Once upon a time, products made from the beautiful shells of these marine turtles such as frames for eyeglasses and hair accessories were popular and common. International trade of tortoiseshell products became illegal in the 1970’s and imitation products started to become more commonplace. However, these sea turtles continue to be hunted and killed for their shells to this day and sea turtle shell products can easily be found for sale in souvenir shops targeting tourists in some part of the world.
Sadly, the fight to save sea turtles is far from over. On top of other threats facing sea turtles such as nesting beach destruction and getting caught in fishing nets, the critically endangered hawksbill sea turtle is also killed for its attractive shell.
Humane Society International (HSI) and other animal welfare and conservation groups have been working for decades to protect sea turtles from abuse and endangerment. The international trade in all species of sea turtles has been banned for over two decades by the UN Convention on International Trade in Endangered Species of Wild Fauna and Flora (CITES). All sea turtles found in U.S. waters are also protected under the U.S. Endangered Species Act.
Trinkets made from sea turtle shell being brought into the U.S. by people returning from Latin America and the Caribbean are one of the most commonly confiscated wildlife items by U.S. customs agents according to HSI’s partner, the Too Rare to Wear campaign. A recent report by Too Rare To Wear titled Endangered Souvenirs found more than ten thousand tortoiseshell items for sale in more than 200 shops in Colombia, Costa Rica, Cuba, Nicaragua, and elsewhere in this region. News reports of seizures suggest there is also a thriving black market for hawksbill sea turtles and their products in Asian countries such as China, Indonesia and the Philippines.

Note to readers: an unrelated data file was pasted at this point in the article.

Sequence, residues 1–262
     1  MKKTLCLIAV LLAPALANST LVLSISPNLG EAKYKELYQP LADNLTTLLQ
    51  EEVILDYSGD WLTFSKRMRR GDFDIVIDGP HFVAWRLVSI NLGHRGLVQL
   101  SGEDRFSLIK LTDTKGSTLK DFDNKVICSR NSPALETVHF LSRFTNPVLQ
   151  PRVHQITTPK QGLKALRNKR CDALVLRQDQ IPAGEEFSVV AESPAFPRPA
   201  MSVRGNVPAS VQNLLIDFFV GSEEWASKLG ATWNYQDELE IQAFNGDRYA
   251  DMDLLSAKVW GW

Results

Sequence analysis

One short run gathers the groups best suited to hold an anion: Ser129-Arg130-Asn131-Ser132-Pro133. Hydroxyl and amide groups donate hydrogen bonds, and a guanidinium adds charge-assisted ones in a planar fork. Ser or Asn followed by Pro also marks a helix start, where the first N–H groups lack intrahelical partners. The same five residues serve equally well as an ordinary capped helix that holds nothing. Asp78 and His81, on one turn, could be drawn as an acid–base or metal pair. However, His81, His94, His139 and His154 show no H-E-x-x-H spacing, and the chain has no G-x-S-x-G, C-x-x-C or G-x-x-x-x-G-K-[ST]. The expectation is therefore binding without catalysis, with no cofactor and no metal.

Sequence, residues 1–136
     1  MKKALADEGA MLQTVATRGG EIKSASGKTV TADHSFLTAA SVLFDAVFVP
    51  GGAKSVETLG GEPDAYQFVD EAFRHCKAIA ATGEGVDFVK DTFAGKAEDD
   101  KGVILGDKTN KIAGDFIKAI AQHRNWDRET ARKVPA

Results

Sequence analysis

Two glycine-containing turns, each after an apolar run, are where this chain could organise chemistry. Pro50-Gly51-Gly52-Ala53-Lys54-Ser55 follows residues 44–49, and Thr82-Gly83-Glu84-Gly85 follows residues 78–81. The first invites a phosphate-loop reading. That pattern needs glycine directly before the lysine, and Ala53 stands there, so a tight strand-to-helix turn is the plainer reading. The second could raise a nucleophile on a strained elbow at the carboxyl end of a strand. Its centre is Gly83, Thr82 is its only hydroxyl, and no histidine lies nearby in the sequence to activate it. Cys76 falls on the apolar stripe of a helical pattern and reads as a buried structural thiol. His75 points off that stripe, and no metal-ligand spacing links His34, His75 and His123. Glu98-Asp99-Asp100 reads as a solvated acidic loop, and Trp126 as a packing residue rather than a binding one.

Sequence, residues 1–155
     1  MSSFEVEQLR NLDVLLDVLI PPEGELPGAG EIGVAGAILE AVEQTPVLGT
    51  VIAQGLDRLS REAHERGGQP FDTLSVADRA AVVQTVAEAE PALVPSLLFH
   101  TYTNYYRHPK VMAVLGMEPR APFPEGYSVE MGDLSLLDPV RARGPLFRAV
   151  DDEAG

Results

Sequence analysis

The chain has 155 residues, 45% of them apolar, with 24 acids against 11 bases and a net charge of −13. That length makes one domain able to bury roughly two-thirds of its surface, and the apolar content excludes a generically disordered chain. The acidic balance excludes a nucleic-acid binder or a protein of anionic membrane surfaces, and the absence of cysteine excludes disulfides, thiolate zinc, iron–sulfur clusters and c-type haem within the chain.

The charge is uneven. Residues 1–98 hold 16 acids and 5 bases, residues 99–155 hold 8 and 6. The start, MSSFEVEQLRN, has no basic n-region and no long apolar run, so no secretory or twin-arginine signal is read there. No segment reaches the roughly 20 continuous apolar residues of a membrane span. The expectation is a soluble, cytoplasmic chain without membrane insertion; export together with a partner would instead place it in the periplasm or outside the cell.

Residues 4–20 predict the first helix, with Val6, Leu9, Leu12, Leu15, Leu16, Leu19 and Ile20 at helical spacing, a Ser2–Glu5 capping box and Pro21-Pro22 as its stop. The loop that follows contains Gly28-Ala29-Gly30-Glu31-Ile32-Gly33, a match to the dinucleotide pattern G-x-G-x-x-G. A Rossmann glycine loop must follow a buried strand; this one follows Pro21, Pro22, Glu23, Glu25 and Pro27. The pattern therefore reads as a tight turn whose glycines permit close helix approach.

How can you tell if an item for sale is made from sea turtle shell? It is not easy. Small items like rings or earrings can sell for as little as two U.S. dollars. Some shop owners may say–and may even truly believe –that it is perfectly legal for you to purchase the item and bring it home. Too Rare to Wear has created a guide for distinguishing imitation turtle shell products from the real thing. But why risk it? Avoid buying any products that look like they could have been made out of turtle shell. Ask questions when shopping for souvenirs, and when in doubt, Don’t Buy Wild. Sign our Don’t Buy Wild pledge to show your support for ending the destructive and cruel trade in wildlife. How you choose to spend your money is one of the most powerful weapons in the fight against animal suffering.
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